town of Paterson had impressed Ginsberg greatly.
Bearing a letter of introduction from the poet
Williams, Ginsberg traveled to San Francisco and
met Kenneth Rexroth, leader of an emerging local
poetry movement, which Ginsberg became a part of
almost instantly.

At the age of 29, Ginsberg had
wrote a lot of poetry but published almost none.
He worked hard to promote the works of Kerouac and
Burroughs to publishers, but never his own. But he
was the first Beat writer to gain notice when he
gave a performance of his new poem ‘Howl’ at the
legendary Six Gallery poetry reading in October
1955. This poem, which brought about an obscenity
charge that made Allen a worldwide symbol of
sexual depravity (as homosexuality was then
veiwed). Ginsberg followed ‘Howl’ with several
other new poems, such as ‘Sunflower Sutra.’ At a
critical stage in his career, he somehow was able
to avoid the ‘fame burnout’ that Kerouac fell pray
too. Ginsberg mellowed considerably during this
period, after travelling the world, discovering
Buddhism and falling in love with Peter Orlovsky,
who would remain a constant companion (though
their relationship was not monogamous) for thirty
years. Perhaps to rid himself of something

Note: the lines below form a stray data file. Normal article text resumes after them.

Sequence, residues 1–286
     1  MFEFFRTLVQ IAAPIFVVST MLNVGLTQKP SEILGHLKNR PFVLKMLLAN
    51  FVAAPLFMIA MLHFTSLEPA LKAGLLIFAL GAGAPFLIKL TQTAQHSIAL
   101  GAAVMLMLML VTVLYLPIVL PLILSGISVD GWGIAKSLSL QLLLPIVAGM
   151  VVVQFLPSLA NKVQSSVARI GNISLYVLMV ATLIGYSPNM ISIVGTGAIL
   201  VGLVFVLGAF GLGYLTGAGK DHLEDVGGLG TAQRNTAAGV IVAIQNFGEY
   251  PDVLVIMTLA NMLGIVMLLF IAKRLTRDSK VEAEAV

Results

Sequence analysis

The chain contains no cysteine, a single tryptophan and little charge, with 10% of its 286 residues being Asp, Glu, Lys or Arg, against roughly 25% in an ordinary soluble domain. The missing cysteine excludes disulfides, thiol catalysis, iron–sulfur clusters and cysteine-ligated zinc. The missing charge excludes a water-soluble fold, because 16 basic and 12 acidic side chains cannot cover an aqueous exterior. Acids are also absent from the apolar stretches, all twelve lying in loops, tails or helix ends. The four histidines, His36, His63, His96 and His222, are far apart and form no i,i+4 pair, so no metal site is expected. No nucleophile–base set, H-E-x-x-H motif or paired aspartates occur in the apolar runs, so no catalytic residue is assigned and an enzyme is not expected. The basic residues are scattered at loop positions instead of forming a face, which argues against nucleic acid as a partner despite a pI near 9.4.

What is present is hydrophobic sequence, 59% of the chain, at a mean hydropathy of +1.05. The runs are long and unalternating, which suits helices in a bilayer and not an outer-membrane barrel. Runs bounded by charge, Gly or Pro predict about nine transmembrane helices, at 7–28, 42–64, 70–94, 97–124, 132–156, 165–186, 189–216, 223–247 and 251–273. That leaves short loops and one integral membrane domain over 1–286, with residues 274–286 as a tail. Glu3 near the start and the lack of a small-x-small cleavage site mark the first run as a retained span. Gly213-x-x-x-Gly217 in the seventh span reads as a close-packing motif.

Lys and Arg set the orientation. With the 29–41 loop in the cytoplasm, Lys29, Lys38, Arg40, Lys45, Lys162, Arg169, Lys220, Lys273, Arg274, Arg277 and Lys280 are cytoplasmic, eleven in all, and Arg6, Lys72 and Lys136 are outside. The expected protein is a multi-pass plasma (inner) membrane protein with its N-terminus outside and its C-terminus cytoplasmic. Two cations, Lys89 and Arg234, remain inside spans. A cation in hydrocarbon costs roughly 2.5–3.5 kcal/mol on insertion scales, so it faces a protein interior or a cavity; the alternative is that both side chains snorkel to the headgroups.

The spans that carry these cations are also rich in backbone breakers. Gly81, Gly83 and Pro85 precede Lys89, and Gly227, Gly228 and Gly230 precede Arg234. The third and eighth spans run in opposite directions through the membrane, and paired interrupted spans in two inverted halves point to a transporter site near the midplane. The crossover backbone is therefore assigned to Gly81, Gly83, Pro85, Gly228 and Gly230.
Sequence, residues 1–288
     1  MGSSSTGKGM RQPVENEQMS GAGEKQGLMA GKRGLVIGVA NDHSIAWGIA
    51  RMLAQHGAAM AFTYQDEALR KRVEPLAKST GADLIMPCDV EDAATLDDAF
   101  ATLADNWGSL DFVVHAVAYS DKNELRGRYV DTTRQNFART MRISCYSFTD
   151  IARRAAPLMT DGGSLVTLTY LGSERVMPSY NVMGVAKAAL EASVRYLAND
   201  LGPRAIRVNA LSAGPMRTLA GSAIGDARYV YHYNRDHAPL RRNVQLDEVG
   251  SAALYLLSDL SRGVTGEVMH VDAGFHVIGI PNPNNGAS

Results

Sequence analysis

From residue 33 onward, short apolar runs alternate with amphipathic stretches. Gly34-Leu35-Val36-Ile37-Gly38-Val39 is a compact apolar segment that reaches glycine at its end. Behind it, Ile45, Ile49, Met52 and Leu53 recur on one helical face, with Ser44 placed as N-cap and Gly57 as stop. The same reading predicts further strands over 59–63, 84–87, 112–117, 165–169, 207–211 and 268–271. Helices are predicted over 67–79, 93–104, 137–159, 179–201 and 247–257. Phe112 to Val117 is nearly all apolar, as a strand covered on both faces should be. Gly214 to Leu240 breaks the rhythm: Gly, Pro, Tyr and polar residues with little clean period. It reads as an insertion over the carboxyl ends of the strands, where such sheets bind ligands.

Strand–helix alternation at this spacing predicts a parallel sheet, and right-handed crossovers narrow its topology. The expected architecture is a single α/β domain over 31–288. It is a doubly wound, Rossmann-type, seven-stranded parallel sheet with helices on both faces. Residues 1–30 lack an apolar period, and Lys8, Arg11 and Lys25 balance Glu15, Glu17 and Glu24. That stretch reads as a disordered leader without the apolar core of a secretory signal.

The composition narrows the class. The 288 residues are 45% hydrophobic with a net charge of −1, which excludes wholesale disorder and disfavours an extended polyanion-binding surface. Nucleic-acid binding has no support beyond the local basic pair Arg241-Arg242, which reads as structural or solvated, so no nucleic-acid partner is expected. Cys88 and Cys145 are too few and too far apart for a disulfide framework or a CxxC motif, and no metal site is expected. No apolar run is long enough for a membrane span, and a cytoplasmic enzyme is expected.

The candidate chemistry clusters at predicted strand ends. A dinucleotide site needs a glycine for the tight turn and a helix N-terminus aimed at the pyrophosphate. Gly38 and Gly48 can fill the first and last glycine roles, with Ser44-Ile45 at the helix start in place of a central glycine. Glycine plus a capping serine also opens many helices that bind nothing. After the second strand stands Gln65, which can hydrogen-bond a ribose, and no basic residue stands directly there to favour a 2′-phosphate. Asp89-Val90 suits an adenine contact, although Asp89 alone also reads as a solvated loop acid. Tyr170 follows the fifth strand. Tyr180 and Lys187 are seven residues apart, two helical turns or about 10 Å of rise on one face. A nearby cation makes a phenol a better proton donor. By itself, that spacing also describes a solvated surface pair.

Ginsberg wrote ‘Kaddish,’ a poem about his
mother’s insanity and death.

His celebrity grew as
the ‘Beat’ concept evolved from an idea into a
movement and then into a cliche. In the early
sixties, Ginsberg threw himself into the hippie
scene. He and Timothy Leary worked together on
Leary’s new discovery, the psychedelic drug LSD.
As a famous American poet, Ginsberg was able to
hold audiences with important political figures
all over the world, and during the 60’s he took
advantage of this repeatedly. He mainly just
pissed off one important official after another,
getting kicked out of Cuba and Prague, and
annoying American conservatives. He was a familiar
figure at protests against the Vietnam War, this
coupled with the fact he was so open with his
views helped put America in a mood which was
against the war. The list of 60’s events that
Ginsberg played an important part in.

He
participated in Ken Kesey’s Acid Test Festivals in
San Francisco, and helped Kesey relieve tension
between the San Francisco hippies and the Hell’s
Angels. In the summer of 1965 Ginsberg made a trip
to London with several other Beat figures. Their
reading at the Royal Albert Hall is what started
the London underground scene, which helped spark a
new breed from which bands like Pink Floyd and The
Soft Machine would come about. Bob Dylan often
cited Ginsberg as one of the few literary figures
he could stand. Ginsberg can be seen standing in
the alley in the background of Dylan’s 1965
‘Subterranean Homesick Blues’ video, and later
played a part in Dylan’s 1977 film ‘Renaldo and
Clara.’ Ginsberg, Gary Snyder and Michael McClure
led the crowd in chanting OM at the San Fransisco
Be-In in 1967. In 1970 Ginsberg met with Tibetan
guru Chogyam Trungpa Rinpoche.

Ginsberg soon
accepted Trungpa as his personal guru. He and poet
Anne Waldman joined to create a poetry school, The